Interview – VSCA Publishing

VSCA Publishing is a small publishing company owned by Brad Murray and is based in Vancouver, BC Canada. I originally sent my questions to him but he recommended I also send them to other people in the company in order to get their input. VSCA was nominated for a 2010 Best Rules ENnie Award and won Gold.

Starting off with a more personal question, VSCA has published two gaming products, Deluge, a supplement concerning life after 150 years of non-stop rain, and Diaspora, a critically acclaimed FATE-based RPG set in space. What keeps you going? What keeps you enthusiastic about working in the RPG industry?

Brad Murray: There’s a little whirlwind of talk in some of the places I inhabit about whether or not everyone can design. This has spun of a very useful distinction (to me): design versus production. I’ve always been designing. Since the first session of Dungeons & Dragons I played in the mid 70s, play has always been as much about changing, fixing, breaking — designing — the rules during and between play as it has been about play. As a referee/GM this is probably an even stronger statement, as game preparation and ad hoc rulings during play are also clearly related to design. So, what keeps me designing? Playing.

What keeps me producing? That’s the part where we take all that play-design and try to turn it into something that is both comprehensible and enjoyable for an arbitrary audience. It’s a lot of work. A lot of it involves skills I have not fully developed yet. Some of it involves skills I have hardly developed at all. So that’s basically why: I am only happy when I am learning new things, and so far there has been (and appears to still be) a great deal to learn. When I hit “good enough” (which is not necessarily excellent) I’ll probably become bored and move on to something else.

There is one thing that pushes that turnover point further into the future than it might otherwise be, though: people I don’t know telling me they like what we built. Even just seeing the sales number tick over one gives me that rush. But hearing someone wax enthusiastic about their play or, much better, about the changes they made that made their play both awesome and THEIRS, well that is good for another six months of production.

Toph Marshal: We are very happy, and probably very lucky, to have a smart, fun table (six guys, rotating) where we can play. It’s a table where there’s a lot of trust, and that permits a lot of experimentation. What keeps me going is the ability to share great stories with friends in a fun atmosphere (with good scotch). The games develop out of that atmosphere.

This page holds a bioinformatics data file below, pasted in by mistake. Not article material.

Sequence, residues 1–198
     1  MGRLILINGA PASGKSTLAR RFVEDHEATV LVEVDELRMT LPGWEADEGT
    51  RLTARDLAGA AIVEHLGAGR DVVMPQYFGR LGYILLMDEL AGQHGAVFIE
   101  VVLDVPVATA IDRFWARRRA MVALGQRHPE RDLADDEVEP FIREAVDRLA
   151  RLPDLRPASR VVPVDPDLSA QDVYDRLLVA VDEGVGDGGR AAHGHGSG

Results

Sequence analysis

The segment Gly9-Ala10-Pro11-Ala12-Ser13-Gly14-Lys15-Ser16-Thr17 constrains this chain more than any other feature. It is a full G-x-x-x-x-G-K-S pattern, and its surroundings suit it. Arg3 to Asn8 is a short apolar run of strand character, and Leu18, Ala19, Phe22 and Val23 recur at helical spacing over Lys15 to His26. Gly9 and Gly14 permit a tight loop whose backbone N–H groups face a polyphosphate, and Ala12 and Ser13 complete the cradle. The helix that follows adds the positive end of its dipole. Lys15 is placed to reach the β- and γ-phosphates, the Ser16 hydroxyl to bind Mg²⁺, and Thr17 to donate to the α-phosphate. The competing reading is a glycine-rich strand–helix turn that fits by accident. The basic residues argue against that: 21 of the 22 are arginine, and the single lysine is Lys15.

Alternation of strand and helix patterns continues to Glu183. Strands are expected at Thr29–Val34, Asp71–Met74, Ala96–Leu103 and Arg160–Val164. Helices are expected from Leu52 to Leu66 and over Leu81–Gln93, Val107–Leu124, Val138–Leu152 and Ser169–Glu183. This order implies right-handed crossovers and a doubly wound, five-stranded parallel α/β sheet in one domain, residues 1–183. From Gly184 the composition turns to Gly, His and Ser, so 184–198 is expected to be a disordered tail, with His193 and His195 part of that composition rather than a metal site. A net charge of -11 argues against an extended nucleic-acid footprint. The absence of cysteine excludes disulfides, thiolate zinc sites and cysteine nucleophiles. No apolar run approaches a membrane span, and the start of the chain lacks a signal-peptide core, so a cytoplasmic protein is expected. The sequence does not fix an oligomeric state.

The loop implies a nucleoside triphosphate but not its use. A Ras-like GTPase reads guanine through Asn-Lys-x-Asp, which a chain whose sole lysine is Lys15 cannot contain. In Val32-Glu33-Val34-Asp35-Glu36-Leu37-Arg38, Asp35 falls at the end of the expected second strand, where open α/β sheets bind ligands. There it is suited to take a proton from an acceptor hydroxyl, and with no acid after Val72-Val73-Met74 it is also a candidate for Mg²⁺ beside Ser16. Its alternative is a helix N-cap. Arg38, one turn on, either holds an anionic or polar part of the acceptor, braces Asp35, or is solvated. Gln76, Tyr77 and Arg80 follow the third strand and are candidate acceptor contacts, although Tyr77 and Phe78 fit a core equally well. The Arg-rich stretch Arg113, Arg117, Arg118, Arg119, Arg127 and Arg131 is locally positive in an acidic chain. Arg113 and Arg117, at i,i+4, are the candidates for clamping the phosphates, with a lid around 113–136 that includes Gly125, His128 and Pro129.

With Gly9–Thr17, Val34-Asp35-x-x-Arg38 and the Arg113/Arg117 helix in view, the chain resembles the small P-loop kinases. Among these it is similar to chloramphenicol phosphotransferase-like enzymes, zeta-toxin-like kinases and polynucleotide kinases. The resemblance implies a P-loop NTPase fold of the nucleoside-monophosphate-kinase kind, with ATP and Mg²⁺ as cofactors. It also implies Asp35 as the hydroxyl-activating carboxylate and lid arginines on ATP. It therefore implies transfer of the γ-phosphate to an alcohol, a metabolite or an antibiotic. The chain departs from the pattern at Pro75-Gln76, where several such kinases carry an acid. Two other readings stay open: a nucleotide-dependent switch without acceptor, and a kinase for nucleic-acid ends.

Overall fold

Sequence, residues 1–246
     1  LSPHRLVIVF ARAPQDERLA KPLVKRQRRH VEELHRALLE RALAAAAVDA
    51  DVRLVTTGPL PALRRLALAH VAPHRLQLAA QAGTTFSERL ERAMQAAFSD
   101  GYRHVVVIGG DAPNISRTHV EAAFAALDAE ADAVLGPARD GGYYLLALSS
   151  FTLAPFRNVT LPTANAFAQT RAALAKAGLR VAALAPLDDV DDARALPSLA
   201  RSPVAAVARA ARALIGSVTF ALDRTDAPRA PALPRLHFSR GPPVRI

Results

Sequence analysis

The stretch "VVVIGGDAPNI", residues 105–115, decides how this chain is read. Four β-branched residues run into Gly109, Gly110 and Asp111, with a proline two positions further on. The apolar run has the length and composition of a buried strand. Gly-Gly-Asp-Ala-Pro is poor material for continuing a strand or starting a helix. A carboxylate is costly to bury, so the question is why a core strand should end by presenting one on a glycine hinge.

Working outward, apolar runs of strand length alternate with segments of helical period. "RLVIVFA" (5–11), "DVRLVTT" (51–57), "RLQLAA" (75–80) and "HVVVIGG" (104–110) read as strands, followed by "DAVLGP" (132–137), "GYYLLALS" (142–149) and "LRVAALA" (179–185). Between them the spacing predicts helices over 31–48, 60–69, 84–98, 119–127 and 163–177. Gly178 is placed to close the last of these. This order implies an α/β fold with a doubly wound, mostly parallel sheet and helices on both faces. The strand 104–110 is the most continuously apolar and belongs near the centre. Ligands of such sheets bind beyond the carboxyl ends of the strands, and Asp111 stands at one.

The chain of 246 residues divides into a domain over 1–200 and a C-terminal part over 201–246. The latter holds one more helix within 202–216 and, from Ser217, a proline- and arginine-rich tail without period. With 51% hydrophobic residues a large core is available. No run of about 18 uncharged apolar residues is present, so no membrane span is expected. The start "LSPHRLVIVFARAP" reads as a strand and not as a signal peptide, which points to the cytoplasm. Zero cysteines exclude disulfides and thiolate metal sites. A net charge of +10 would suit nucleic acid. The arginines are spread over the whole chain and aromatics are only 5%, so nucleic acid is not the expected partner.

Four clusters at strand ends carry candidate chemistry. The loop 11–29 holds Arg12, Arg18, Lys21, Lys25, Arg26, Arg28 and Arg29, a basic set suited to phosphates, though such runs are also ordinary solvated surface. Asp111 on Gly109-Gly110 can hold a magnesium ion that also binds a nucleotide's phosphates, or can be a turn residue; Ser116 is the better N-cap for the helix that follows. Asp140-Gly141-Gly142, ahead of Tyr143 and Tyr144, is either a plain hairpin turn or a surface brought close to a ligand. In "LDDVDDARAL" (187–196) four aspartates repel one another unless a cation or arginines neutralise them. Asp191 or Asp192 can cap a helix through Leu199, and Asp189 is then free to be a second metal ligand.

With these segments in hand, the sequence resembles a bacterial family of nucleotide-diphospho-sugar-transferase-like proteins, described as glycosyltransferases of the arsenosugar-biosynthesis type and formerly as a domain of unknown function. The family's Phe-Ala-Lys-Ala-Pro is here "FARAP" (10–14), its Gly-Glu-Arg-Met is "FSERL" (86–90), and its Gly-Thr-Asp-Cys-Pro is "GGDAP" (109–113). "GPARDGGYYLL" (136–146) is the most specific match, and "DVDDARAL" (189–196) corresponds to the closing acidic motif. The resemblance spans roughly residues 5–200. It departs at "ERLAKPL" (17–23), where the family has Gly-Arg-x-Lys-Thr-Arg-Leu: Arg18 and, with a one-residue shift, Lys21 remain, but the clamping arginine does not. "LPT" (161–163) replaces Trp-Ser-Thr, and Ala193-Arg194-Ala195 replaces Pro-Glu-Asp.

I don’t think any of us think of ourselves as “working in the RPG industry” — we’ve got jobs and the time we spend on games is our play-time. It just happens that sometimes the play-time extends into work hours…

But it’s really easy to be enthusiastic with these guys. In addition to the great table (some of us started playing together in the 80s), there’s a great climate of new, small-press games. Reign, Burning Wheel, and SOTC were our first forays, supplemented by Universalis, etc. But it was SOTC and FATE that changed the dynamics of the table. Everyone wanted to ref this game. That was a signal to us. And since three of us loved good ol’ Classic Traveller, it seemed a natural hack to use FATE to play our kind of space adventures.

The industry is exciting now, because there is a sense (for me at least) that there is more out there. Had it not been for the four weeks of rotating refs in SOTC, I’m pretty sure we wouldn’t have got into game design at all.

Tim Dyke: I completely second and agree with Toph on his first answer.

Our table is a great place to be, and I have been at it for a very long time. It was the introduction of the various games away from the norm and SoTC was the tipping point that pushed us further.

It was perfect marriage: Traveller & SoTC, which we called “Spirit of the Far Future” this was fun to write and play, and fortunate for us we were not able to get a Traveller license.
This empowered us to make a better product.

I don’t consider myself part of the RPG Industry, and Diaspora, for me, was built out of a Passion for Space games.